Nutrient Cycling in Agroecosystems

, Volume 101, Issue 1, pp 37–53 | Cite as

Methane and nitrous oxide emissions from rice and maize production in diversified rice cropping systems

  • Sebastian Weller
  • David Kraus
  • Kevin Ray P. Ayag
  • Reiner Wassmann
  • M. C. R. Alberto
  • Klaus Butterbach-Bahl
  • Ralf Kiese
Original Article

Abstract

Traditional irrigated double-rice cropping systems have to cope with reduced water availability due to changes of climate and economic conditions. To quantify the shift in CH4 and N2O emissions when changing from traditional to diversified double cropping-systems, an experiment including flooded rice, non-flooded “aerobic” rice and maize was conducted during the dry season (February–June 2012) in the Philippines. Two automated static chamber–GC systems were used to continuously measure CH4 and N2O emissions in the three cropping systems of which each included three different nitrogen fertilization regimes. Turning away from flooded cropping systems leads to shifts in greenhouse gas emissions from CH4 under wet soil to N2O emissions under drier soil conditions. The global warming potential (GWP) of the non-flooded crops was lower compared to flooded rice, whereas high CH4 emissions under flooded conditions still override enhanced N2O emissions in the upland systems. The yield-scaled GWP favored maize over aerobic rice, due to lower yields of aerobic rice. However, the lower GHG emissions of upland systems are only beneficial if they are not overwhelmed by enhanced losses of soil organic carbon.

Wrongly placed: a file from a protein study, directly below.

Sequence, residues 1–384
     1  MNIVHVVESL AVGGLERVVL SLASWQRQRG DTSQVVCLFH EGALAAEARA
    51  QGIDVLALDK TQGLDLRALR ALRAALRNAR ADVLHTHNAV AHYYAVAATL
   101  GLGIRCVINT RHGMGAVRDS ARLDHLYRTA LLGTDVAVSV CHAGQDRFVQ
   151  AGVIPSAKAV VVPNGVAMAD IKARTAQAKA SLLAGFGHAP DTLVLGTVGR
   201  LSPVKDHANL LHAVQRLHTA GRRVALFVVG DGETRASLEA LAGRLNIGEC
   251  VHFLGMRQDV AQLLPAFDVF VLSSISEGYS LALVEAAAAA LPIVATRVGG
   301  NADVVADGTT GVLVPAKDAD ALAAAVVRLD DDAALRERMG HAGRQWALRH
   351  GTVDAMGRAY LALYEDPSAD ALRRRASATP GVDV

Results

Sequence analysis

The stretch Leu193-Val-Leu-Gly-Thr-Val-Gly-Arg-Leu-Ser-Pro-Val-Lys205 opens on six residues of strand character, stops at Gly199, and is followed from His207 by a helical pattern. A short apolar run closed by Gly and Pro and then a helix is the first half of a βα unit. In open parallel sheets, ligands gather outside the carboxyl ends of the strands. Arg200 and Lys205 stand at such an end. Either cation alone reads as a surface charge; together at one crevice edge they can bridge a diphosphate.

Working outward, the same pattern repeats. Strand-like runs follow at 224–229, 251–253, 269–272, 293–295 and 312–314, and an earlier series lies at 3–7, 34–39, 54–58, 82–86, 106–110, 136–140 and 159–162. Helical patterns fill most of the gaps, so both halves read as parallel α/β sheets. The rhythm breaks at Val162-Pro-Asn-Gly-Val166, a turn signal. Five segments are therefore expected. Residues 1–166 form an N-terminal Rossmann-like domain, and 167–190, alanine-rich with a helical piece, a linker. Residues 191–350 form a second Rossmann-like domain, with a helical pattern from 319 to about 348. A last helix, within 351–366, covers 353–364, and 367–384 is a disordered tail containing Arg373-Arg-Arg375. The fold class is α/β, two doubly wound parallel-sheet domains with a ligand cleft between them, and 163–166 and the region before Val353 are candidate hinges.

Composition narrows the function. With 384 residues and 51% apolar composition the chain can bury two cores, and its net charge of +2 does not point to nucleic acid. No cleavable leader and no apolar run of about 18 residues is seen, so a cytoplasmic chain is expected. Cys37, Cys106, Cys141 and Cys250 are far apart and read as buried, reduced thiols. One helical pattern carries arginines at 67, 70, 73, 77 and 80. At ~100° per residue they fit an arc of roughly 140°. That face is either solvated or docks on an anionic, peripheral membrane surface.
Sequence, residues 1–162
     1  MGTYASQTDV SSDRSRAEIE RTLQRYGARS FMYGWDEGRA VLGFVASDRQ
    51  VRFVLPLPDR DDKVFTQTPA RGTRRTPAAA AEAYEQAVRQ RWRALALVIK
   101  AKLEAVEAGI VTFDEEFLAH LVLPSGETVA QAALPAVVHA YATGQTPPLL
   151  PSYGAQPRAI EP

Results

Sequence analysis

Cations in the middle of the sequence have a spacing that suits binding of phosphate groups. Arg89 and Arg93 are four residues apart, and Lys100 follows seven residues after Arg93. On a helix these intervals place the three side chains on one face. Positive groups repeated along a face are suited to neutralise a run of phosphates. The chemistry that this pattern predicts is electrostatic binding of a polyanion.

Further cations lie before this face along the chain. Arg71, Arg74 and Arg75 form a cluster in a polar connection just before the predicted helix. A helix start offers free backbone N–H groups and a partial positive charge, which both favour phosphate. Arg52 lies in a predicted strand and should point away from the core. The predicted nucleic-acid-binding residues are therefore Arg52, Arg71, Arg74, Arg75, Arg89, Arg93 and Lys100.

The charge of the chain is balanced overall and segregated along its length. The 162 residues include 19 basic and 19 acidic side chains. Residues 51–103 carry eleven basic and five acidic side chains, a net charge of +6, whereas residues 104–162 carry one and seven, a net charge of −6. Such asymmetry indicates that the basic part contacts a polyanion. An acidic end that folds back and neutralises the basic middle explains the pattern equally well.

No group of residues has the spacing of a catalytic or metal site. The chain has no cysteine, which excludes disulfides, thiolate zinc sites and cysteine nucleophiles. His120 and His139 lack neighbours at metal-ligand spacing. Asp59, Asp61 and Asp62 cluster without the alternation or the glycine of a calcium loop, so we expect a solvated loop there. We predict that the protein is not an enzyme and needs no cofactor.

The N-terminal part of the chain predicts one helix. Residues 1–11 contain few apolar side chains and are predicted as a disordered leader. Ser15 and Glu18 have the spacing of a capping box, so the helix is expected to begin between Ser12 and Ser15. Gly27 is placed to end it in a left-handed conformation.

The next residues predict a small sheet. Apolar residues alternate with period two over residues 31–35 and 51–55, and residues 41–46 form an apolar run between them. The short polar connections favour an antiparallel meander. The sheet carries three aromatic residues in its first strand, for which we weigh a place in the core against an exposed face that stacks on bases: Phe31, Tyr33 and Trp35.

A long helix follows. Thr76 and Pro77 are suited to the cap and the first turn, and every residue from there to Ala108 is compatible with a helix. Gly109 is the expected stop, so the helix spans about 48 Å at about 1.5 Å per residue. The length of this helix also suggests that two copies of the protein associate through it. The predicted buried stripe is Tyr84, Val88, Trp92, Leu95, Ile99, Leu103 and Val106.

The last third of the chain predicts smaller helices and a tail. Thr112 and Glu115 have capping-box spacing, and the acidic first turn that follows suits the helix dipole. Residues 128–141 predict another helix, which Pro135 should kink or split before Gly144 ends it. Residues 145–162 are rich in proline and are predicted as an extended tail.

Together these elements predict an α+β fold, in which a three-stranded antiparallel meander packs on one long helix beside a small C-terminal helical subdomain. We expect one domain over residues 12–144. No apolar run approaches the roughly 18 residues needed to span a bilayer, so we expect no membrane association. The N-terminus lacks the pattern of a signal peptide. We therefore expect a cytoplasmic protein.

Keywords

Methane Nitrous oxide Aerobic rice Maize Yield-scaled GWP 

Abbreviations

DAS

Days after seeding

GHG

Greenhouse gas

GWP

Global warming potential

GY

Grain yield

SOC

Soil organic carbon

Notes

Acknowledgments

This study was conducted as part of the multidisciplinary research project ICON. We thank the German Research Foundation (DFG) for its generous funding (FOR 1701, “Introducing Non-Flooded Crops in Rice-Dominated Landscapes: Impacts on Carbon, Nitrogen and Water Cycles [ICON]”, BU1173/13-1 and KI1413). Furthermore, we thank the International Rice Research Institute (IRRI) and especially the Crop and Environmental Sciences Division (CESD) for organizing the field management, providing facilities, and the support from the CESD staff as well as an anonymous reviewer for the very helpful suggestions.

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Copyright information

© Springer Science+Business Media Dordrecht 2014

Authors and Affiliations

  • Sebastian Weller
    • 1
  • David Kraus
    • 1
  • Kevin Ray P. Ayag
    • 2
    • 3
  • Reiner Wassmann
    • 3
  • M. C. R. Alberto
    • 3
  • Klaus Butterbach-Bahl
    • 1
    • 4
  • Ralf Kiese
    • 1
  1. 1.Institute of Meteorology and Climate Research (IMK-IFU)Karlsruhe Institute of TechnologyGarmisch-PartenkirchenGermany
  2. 2.Kyung Hee UniversityYonginSouth Korea
  3. 3.International Rice Research Institute (IRRI)Los BanosPhilippines
  4. 4.International Livestock Research Institute (ILRI)NairobiKenya

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